The San Antonio Express, a newspaper, reported on May 27, 1913, that Reuben was already located in Crystal City, Texas and was a member of the Travis Club upon the recommendation of Mason Williams. Mr. Williams was a lawyer in San Antonio and a member of the Board of Directors of the Orange and Northwestern Railroad, Orange, Texas. In 1914, Reuben was the chief surgeon for the San Antonio, Uvalde, and Gulf Railroad. Please note that in 1912 the San Antonio, Uvalde & Gulf Railroad Company established a hospital department to furnish medical treatment to its officers and employees and that Ruben may have been its first surgeon and served in this capacity for the railroad until his enlistment in the Army in 1918. The Texas State Gazetteer & Business Directory listed Dr. R. F. Martin as a County Health Official based in Crystal City in 1914 through 1915. The 1916 Annual Report of the Dairy and Food Commissioner of Texas reported that Dr. Martin was one of 73 Special Deputies appointed by the Commissioner to ensure good health. These deputies served without a salary to make sure relevant health and safety laws were enforced. These efforts saved money and ensured better food and sanitation in Texas.
It is not clear when Ruben met Sida Simon. However, the San Antonio Express reported on March 7, 1915, that Sida from New Braunfels, Texas visited Crystal City, Texas (the town where Ruben lived). In May 1915, it was reported in the press that Reuben visited his sister, Henrietta (“Etta”), in Aledo, IL (perhaps for some advice relating to an engagement ring). Afterwards, it was reported that he spent a few days in Chicago, IL (perhaps to buy the engagement ring), before returning to Crystal City, Texas. Ruben and Sida were married in 1916. Sida, born in 1889 in New Braunfels, Texas, was the daughter of Louis Alexander Simon and Anna Lindheimer. Her maternal grandfather, Ferdinand Jacob Lindheimer, was known as the father of Texas botany.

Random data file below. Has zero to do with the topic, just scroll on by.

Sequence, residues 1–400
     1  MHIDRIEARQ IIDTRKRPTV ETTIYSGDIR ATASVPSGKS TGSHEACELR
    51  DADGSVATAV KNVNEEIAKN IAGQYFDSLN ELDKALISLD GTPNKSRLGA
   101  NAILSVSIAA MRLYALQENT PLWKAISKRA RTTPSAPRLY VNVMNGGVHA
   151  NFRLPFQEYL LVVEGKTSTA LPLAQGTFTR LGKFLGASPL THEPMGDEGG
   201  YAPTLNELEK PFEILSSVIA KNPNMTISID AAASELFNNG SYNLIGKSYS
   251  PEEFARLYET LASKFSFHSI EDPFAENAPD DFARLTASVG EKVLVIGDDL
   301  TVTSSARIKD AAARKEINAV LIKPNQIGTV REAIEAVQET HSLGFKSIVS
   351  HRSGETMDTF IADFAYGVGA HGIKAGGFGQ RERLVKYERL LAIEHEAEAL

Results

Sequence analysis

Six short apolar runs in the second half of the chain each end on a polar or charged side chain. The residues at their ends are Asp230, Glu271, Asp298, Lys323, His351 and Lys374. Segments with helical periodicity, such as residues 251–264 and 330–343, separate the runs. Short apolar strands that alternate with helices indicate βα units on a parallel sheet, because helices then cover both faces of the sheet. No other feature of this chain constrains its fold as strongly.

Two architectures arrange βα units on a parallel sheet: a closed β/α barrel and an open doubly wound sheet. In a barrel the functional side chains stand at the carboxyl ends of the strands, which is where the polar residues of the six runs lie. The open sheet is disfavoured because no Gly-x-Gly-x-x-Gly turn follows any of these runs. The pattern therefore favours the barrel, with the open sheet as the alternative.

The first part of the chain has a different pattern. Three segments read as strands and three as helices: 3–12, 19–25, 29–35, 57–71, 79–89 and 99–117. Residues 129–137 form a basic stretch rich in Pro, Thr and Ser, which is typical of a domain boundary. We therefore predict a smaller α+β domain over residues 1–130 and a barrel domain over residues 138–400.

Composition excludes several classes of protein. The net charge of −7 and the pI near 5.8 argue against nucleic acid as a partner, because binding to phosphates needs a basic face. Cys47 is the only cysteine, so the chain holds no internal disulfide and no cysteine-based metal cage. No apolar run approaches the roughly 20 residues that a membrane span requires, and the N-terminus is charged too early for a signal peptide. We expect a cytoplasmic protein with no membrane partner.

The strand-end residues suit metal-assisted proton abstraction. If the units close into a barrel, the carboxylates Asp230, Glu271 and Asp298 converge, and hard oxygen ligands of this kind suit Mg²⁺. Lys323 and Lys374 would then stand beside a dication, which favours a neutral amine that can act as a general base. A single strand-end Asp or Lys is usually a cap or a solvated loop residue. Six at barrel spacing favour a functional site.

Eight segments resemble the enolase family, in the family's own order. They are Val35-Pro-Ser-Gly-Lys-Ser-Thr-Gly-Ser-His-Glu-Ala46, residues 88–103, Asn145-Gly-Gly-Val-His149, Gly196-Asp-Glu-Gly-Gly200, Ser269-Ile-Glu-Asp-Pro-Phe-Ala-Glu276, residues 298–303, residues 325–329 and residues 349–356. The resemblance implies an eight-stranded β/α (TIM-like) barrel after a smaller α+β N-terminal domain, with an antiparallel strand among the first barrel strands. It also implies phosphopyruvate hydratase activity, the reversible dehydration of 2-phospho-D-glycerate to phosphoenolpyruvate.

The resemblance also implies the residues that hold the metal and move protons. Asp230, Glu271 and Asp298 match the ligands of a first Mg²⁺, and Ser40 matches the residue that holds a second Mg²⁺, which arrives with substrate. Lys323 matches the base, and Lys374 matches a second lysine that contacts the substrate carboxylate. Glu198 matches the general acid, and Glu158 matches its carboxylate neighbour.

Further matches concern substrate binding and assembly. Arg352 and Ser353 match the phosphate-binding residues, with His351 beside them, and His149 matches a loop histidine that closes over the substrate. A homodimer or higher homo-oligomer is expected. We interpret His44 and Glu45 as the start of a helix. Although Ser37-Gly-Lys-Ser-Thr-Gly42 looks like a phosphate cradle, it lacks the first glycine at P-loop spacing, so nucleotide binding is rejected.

Mr. Lindheimer lived in New Braunfels and collected plants in central and southern Texas. He sent thousands of specimens to noted botanists at Harvard University and abroad. Lindheimer was born in Germany in 1801 and came to the United States in 1834 and served in the Texas Revolution. Lindheimer’s home, where he and his wife, Eleanor, raised four children, is a museum today. The tiny house at 491 Comal Ave. pictured below is on the National Register of Historic Places. A Comanche chief is said to have visited Lindheimer’s home and it was in this home that Lindheimer published a newspaper. Rioters who disagreed with the paper’s pro-Confederacy stance threw the printing press into the river. Lindheimer simply retrieved it and resumed publication. He died in 1879. In the 1960s, his granddaughter, Sida Martin, gave the home to the New Braunfels Conservation Society. Adjacent to this house is a small garden which is landscaped with many plants that bear his name, such as Lindheimer’s muhly, a grass frequently used in landscaping.